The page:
all right so here's the story.  Jason and I are just a few days away from our tenth wedding anniversary.  for the first yearish of marriage we tried a few different things to prevent pregnancy, but none of them worked well, and eventually decided to just be done with it. 
we have done nothing to prevent pregnancy for nine years.  we never sought any sort of diagnoses or help because we had wanted to adopt, and were perfectly content with this being the way our family was formed.
for quite some time I had been having some weird symptoms (heart palpitations, dizziness, along with other things).  I had gone to the doctor, and everything had tested okay thus far.  I had an appointment scheduled with the neurologist at the end of June, and was hoping for more information then.
towards the end of May, I had a dream that I took a pregnancy test, and it was positive.  I've taken numerous test over the years, more than I can count, but have never been pregnant.  I couldn't shake the dream so a couple days later, I found one we had in the bathroom, and took it.  i'm not even sure if I can begin to describe the shock that washed over me when it came back positive.
at this point, I was about 4-1/2 weeks pregnant.  I had no symptoms.  I hadn't even missed a cycle.  so I called my doctor's office because I had no idea what you do after a positive pregnancy test.
they did blood work, and then an ultrasound, thinking I might have been further along than what I thought.  I was not.
they did another ultrasound at eight weeks, and we decided then that as long as there was a heartbeat, we would tell Abigail, and then everyone else.  so the video of Abigail finding out is above, as well as us sharing it with our church.  we told our families and a few close friends early on.
once the pregnancy symptoms kicked in, my other symptoms went away.  so while we may not ever be able to confirm this completely, my guess is that something in my changed hormonally, and that is the reason we got pregnant after so long of not getting pregnant.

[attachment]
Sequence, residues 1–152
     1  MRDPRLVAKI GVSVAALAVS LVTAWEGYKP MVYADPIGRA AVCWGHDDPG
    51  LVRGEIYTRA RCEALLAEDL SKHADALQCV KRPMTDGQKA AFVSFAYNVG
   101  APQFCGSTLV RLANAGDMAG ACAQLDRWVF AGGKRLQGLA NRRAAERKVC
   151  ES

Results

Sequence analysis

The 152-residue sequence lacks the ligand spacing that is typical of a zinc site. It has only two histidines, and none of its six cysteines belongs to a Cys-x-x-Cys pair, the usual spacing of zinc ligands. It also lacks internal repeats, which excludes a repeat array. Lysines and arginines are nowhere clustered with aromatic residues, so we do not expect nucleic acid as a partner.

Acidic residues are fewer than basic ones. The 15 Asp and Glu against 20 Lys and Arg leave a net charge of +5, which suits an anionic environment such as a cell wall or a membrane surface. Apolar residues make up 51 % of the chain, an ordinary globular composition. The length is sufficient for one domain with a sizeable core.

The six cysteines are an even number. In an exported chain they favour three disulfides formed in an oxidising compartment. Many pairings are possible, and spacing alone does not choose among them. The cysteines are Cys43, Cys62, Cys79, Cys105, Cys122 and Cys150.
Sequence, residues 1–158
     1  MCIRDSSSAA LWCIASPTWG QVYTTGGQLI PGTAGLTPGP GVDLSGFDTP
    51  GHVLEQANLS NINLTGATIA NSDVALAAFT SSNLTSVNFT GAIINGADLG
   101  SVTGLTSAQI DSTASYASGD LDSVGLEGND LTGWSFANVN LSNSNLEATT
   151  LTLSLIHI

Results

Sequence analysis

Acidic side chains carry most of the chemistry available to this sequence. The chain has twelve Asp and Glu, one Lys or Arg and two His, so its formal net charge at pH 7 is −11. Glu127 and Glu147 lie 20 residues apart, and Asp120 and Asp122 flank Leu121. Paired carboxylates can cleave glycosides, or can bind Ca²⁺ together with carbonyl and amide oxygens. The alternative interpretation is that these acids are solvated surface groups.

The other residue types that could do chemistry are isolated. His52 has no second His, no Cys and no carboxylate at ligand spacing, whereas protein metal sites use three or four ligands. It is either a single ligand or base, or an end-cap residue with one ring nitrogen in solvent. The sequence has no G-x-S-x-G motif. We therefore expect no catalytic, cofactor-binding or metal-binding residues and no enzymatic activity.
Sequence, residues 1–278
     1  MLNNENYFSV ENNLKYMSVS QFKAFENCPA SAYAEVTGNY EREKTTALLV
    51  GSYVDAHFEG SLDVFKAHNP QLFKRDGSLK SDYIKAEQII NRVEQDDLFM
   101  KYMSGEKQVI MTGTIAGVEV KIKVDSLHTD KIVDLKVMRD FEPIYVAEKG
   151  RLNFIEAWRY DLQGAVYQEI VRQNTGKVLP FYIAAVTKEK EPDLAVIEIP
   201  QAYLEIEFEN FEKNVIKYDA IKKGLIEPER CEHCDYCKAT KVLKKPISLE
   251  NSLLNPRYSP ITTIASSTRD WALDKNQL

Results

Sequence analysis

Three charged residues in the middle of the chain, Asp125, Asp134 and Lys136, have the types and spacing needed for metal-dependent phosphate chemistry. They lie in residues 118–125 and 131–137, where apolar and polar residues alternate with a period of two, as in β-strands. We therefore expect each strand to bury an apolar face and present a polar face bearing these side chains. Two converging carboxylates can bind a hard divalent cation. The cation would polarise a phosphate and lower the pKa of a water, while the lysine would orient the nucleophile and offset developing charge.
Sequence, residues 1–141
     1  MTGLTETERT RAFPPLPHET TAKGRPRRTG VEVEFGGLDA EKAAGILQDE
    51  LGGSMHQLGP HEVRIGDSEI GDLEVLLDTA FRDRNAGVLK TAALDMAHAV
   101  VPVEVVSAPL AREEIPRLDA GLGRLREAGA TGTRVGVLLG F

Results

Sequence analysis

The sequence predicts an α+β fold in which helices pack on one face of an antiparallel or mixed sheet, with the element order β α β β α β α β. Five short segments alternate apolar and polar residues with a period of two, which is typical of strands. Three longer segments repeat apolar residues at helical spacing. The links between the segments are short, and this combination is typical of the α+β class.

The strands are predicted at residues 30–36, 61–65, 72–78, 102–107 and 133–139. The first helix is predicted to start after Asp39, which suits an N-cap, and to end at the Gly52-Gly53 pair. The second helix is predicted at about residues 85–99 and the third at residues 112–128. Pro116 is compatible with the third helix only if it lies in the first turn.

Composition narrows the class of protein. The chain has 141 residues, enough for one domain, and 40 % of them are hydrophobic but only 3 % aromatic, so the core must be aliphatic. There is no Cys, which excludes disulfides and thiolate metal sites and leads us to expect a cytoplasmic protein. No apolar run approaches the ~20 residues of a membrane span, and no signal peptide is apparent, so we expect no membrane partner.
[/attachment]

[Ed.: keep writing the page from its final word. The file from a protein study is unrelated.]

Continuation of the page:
so, at this point we are nine weeks, and due January 26th.  i'm sick, exhausted, and having lots of back and sciatic nerve pain.  and while we are thrilled, this is definitely a trying season as we are in the middle of a tube wean for shilo, my husband is running the business he works for while his boss is out of the country, and working a lot, and i'm not 100%.  so it's a hard season right now, and i'm trying to balance joy, and overwhelmed.  but mostly, we look forward to the arrival of our third little in the future.

Thursday, June 19, 2014

the weaning of the tube.

as you may have noticed, I am few and far between in my writing right now.  it's for good reason.  one I will share in more detail sometime in the future.  I have a few posts started for an adoption series I plan to do.  but, to be honest, afternoon napping is winning most days over blogging.  judge all you want to, this mama is tired.

anyway, wanted to update you all on just one of the fun things we are embarking on right now.  about six weeks ago, shilo took off in the eating department.  before this, she as great at putting things in her mouth, but they mostly got chewed and spit back out.  something started to click though, and more and more food was getting chewed and swallowed.  we were ecstatic.  we had been working towards doing a tube wean, and have officially started it.
a tube wean is when you stop feeding your child by g-tube in hopes of getting them to eat by mouth.  some people do it much differently than we are, but we are offering shilo foods throughout the day, and meals at meal time.  she feeds herself (she will not tolerate someone trying to feed her), and chooses what goes in her mouth.  here's the lay out of our wean, and how it's going so far.

day 1: 1/2 breakfast, rest of the day normal.
day2:  no breakfast, rest of the day normal.
day 3: no breakfast, 1/2 lunch, rest of the day normal.
day 4: no breakfast or lunch, normal dinner.
day 5:  no breakfast or lunch, 1/2 dinner.
day 6: no meals during the day via tube.

with this wean, we still have to give meds in the morning and at noon through the tube.  we are doing some water with this to help prevent dehydration, but not the normal amount, in hopes of helping her learn to drink by mouth as well.  to be quite honest though, I think we will be using the tube for fluids for a while after this, because she's just not good at swallowing drinks yet.  she also will continue to get whole milk after she's asleep at night, and once all food is gone, it's possible we will do some other things (blends or something of the sort) to help get some calories in her.  the goal is for her to not know we are using her tube though-which is why it would be when she is asleep.